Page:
On January 8th, 2014, Dr. Marty Hoffman and his colleagues gave us a glimpse of some findings in his longitudinal study on 1,200+ ultrarunners. The result? Ultrarunners are healthier than your average person for the most part, with the exception of asthma and injury.
For those who don't know Dr. Hoffman, he is an avid ultramarathoner with plenty of Western States finishes under his belt, and one of the most dedicated medical researchers on everything ultra. He's also just a great guy - back in 2005, he taught me how to run down hills during one of my first ultras. If you've ever given blood at the end of the race for "scientific purposes", he's likely the guy crunching the data. This most recent study has Dr. Hoffman working with Dr. Eswar Krishnan and fellow scientists from UC Davis and Stanford to understand the general health profile of ultrarunners.
You may have caught the slightly-sensationalist version that NBC released earlier this week, Ultrarunners Aren't Always Ultrahealthy. This coverage correctly pointed out about one in 20 of the runners reported a stress fracture in the past year, and 11% of these ultrarunners reported asthma (vs 8% for the general population), and 25% reported allergies. All of these are higher than normal, but as Krishnan says this is likely because ultrarunners spend more time outside than most of us. “We are all potentially allergic to many things, but we don’t see symptoms because we don’t come into contact with these allergens,” he says.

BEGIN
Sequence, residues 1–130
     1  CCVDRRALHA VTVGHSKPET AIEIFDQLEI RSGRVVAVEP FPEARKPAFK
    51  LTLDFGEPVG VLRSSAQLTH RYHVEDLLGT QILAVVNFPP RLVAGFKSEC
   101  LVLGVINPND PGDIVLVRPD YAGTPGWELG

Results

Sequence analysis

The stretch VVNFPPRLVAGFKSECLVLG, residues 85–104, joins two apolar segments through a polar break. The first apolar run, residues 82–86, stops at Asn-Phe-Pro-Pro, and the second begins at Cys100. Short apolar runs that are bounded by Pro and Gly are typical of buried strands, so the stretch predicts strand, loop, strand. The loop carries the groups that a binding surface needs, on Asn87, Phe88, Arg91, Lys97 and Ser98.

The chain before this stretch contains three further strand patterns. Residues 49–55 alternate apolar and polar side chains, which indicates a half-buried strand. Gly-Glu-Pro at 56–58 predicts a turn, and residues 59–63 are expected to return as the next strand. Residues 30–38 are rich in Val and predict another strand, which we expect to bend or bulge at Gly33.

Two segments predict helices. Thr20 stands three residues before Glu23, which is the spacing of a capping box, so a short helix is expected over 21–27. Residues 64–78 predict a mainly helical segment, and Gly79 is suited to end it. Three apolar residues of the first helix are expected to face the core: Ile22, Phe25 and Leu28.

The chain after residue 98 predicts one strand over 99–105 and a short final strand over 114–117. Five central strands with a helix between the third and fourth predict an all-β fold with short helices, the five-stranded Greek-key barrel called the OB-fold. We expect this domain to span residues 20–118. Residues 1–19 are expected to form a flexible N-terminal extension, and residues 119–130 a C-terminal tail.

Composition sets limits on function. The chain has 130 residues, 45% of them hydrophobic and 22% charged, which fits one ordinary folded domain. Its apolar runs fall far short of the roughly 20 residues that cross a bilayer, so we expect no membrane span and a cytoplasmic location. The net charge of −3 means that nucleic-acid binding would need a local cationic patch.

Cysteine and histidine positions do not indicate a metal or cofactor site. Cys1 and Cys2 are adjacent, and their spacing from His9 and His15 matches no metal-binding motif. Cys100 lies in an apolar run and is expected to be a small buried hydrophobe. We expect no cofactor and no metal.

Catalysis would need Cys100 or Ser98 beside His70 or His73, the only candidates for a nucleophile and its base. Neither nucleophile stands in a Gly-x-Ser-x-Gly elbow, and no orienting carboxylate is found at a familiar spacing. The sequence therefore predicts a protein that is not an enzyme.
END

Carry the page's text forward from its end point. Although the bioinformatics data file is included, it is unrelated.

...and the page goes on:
After reading the research, I found myself more fascinated with where ultrarunners are showing better than average health indicators and where our injury types are common. For example:
- Ultrarunners miss 60% less work (2.2 days vs 3.7 days for average). This includes the average 0.3 days lost to exercise-related injury. Ultrarunners also go to the doctor less.
- Average days spent in bed due to sickness was 1.0 days vs 4.7 days for the general population. That's huge! But may also be indicative of a largely white/more affluent sample.
- Ultrarunners score lower on virtually all chronic diseases and mental health disorders.
- 52% of ultrarunners have had a least one injury that derailed their training, and that skews to ultrarunners who are younger and less experienced. The chief culprit - the knee, which accounts for 15% of injuries.
- Stress fractures are less common in the leg relative to shorter distance runners, but more common in the foot; researchers point to terrain as the main variable, where asphalt and cement may affect legs more and the varied terrain of ultras put more pressure on the foot.